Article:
Do you want to know that two copies of this book were hand carried 7,000 km from London by the mother of the man who was writing the law for a South East Asian nation?
Or that several investigators, in tax and other crimes, have said that they went into financial crime in part because this book made it so accessible?
Or the tax investigator that said that it was "the most thumbed book in our office?"
How about that it was the first textbook on financial crime risk and compliance in the English Law Society's Library or that, because of that, discussions with the author informed the then Regulator's development of the "Blue Card" issued to all solicitors?
Legal Abacus, the professional journal of the Institute of Legal Cashiers said that it was a book that "everyone in business should read." The Daily Telegraph said "there's a lot of valuable stuff in here."
Do you want know that a jealous author of a book that was plagiarised from Morris-Cotterill's work elsewhere wrote an anonymous a libellous "review" on Amazon - even though he had never seen a copy of this edition - and that Amazon, which rejected it when it was offered to them in 1996 has never sold this edition. Or that Amazon has refused for well over a decade to remove the false and fraudulent comments?
Would it interest you to know that the book covers so-called trade-based money laundering, years before someone gave it a name?
Or that, in 1996, it focused on risk - again years before someone decided there should be a "risk-based approach?"
Or that it dealt with people trafficking and sex tourism including the worst kind of child abuse, more than two decades before it became a hot topic?
There is a list of business areas that are at risk - and even today, a quarter of a century later, some are being discussed as novel areas for money laundering.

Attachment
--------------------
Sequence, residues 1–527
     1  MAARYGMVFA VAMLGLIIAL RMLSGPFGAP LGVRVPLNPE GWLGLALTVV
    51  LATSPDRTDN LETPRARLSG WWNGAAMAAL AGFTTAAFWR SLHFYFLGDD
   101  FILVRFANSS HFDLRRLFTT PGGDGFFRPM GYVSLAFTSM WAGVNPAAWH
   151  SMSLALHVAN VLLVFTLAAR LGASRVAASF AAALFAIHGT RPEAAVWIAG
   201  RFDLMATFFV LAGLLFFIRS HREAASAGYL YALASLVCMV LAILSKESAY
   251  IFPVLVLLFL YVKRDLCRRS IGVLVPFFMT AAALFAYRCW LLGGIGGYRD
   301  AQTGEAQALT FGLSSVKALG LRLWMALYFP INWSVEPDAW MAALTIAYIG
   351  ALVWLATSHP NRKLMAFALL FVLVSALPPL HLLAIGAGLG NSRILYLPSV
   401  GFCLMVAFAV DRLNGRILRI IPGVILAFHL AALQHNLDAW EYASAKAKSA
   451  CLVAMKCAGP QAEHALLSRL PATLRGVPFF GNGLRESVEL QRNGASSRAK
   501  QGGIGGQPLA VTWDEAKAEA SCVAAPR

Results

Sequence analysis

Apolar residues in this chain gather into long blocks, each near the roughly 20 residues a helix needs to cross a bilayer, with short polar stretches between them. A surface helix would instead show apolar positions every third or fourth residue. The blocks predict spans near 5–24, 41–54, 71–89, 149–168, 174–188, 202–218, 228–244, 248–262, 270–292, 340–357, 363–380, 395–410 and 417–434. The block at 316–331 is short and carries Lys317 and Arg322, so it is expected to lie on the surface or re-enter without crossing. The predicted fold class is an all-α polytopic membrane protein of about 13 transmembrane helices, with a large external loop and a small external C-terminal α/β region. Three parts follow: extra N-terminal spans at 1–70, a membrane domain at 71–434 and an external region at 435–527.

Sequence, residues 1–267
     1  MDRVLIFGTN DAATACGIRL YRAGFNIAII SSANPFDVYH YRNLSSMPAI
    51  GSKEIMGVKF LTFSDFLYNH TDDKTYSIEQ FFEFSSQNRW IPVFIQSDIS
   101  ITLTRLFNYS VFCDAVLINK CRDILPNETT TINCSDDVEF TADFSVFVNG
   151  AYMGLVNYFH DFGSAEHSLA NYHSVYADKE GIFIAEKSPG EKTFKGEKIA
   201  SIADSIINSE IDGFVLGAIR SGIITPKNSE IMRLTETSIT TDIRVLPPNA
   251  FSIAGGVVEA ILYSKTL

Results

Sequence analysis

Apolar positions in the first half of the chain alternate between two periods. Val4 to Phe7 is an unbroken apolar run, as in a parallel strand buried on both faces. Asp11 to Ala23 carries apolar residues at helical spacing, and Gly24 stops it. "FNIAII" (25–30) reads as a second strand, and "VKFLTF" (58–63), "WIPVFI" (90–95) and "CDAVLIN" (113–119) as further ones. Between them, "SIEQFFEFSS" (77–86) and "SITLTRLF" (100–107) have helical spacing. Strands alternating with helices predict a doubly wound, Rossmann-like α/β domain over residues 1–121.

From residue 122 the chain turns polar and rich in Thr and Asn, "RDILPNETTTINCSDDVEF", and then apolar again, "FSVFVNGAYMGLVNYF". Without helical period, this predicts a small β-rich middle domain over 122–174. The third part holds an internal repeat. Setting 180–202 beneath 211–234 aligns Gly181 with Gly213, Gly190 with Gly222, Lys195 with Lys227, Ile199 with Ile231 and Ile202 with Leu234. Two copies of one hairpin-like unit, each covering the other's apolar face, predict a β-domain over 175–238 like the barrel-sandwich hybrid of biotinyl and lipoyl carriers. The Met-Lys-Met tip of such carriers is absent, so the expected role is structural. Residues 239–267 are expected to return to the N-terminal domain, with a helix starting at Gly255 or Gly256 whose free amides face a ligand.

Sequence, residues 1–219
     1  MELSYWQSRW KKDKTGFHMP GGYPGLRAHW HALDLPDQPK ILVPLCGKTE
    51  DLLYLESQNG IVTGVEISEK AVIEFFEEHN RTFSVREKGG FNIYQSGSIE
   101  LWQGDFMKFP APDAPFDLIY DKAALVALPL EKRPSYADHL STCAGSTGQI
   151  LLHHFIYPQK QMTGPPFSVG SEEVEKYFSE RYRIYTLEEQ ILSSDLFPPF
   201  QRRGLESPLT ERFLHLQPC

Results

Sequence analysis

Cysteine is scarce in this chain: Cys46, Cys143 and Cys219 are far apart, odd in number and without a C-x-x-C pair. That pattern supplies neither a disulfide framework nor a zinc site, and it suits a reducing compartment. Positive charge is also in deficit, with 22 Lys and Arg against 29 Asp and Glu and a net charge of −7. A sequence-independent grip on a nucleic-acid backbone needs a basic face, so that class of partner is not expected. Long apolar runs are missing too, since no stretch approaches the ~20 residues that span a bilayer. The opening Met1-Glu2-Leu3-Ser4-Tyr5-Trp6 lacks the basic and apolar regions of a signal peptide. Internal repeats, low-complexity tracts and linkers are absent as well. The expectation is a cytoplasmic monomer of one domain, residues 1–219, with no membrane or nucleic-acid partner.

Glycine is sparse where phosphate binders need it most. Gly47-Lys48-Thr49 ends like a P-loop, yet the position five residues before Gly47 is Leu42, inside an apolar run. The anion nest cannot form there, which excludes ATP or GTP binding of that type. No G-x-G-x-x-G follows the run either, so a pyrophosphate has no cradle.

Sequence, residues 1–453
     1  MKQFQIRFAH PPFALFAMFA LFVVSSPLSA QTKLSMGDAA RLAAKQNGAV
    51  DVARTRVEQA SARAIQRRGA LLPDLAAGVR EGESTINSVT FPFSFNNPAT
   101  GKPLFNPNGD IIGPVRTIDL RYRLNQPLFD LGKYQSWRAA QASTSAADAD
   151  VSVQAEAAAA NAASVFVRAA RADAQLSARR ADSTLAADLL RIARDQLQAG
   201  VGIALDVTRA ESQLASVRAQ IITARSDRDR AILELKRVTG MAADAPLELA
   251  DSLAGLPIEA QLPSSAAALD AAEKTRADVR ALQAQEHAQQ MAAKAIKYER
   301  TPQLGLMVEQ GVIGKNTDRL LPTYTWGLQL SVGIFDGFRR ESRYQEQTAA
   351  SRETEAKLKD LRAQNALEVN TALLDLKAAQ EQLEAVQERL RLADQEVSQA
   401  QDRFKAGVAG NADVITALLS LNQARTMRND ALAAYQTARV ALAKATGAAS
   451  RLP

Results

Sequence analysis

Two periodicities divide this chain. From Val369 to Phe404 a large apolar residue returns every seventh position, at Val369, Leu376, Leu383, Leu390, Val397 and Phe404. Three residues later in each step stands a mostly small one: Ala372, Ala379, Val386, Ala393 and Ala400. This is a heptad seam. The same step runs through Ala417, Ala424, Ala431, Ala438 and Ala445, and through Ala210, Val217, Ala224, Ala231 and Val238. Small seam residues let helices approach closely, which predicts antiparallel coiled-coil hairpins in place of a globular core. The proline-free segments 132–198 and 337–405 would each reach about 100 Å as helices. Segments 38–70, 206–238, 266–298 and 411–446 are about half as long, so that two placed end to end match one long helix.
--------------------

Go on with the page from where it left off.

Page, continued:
Given all of that, are you surprised to learn that it covered virtual currencies?
Would it amuse you to know that the Irish Times used a slide of the cover for a backdrop for a photoshoot of the author - but "arty" lighting and cropping left the image with just his face and the words "Money Launderer" visible? Or that that image is the one that conference organisers always seem to choose when they look for one on the internet?
We can't give you a sample of the original board that was used for the cover: it was chosen because it is paper but it has the texture of skin. A report reached us of a man in a bookshop in London's legal district stroking it as he browsed.
It is often said that if you want to understand where you are, you must first understand where you came from.
If you are in financial crime risk and compliance, this book is where you came from.
It's just that you probably don't know it yet.
The first edition had a limited print run of 400 copies. It sold on every continent except Antarctica. And it sold out in a few weeks. It was never reprinted and it has never been made available as an e-book.
The 25th Anniversary Edition is the original print file, with the original front and back covers grafted on. In addition, there is one page inserted: it's a graphic that is referred to in the book, included because the original link is dead.
How not to be a money launderer.
including applicable taxes.